o FluSurv-NET hospitalization data are collected from 13 states and represent approximately 8.5% of the total U.S. population. The number of hospitalizations reported does not reflect the actual total number of influenza-associated hospitalizations in the United States.

• The proportion of deaths(http://www.cdc.gov/flu/weekly/#S2) attributed to pneumonia and influenza (P&I) based on the NCHS Mortality Surveillance System and the 122 Cities Mortality Reporting System is below system-specific epidemic thresholds.

• One influenza-associated pediatric death was reported to CDC during the week ending January 9. This death was associated with an influenza B virus and occurred during week 49 (the week ending December 12, 2015). A total of seven influenza-associated pediatric deaths have been reported during the 2015-2016 season.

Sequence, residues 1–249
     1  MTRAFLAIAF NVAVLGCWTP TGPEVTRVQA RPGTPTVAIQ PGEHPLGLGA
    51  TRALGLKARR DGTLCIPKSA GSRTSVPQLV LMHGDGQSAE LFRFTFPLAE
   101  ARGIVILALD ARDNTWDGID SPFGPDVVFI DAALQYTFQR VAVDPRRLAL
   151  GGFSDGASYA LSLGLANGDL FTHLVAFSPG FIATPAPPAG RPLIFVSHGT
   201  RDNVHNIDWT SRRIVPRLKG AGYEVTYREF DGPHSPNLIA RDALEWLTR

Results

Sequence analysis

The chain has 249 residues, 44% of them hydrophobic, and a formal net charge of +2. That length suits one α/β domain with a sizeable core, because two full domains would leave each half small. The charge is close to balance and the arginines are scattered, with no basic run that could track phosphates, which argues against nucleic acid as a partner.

• Nationally, the percentage of respiratory specimens(http://www.cdc.gov/flu/weekly/overview.htm#Viral) testing positive for influenza viruses in clinical laboratories during the week ending January 9 was 3.0%. For the most recent three weeks, the regional percentage of respiratory specimens testing positive for influenza viruses in clinical laboratories ranged from 0.6% to 5.4%.

o During the week ending January 9, of the 428 influenza-positive tests reported to CDC by clinical laboratories, 292 (68.2%) were influenza A viruses and 136 (31.8%) were influenza B viruses.

• The most frequently identified influenza virus type reported by public health laboratories during the week ending January 9 was influenza A viruses, with influenza A (H1N1)pdm09 viruses predominating.

o During the week ending January 9, 94 (83.9%) of the 112 influenza-positive tests reported to CDC by public health laboratories were influenza A viruses and 18 (16.1%) were influenza B viruses. Of the 73 influenza A viruses that were subtyped, 15 (20.5%) were H3 viruses and 58 (79.5%) were A (H1N1)pdm09 viruses.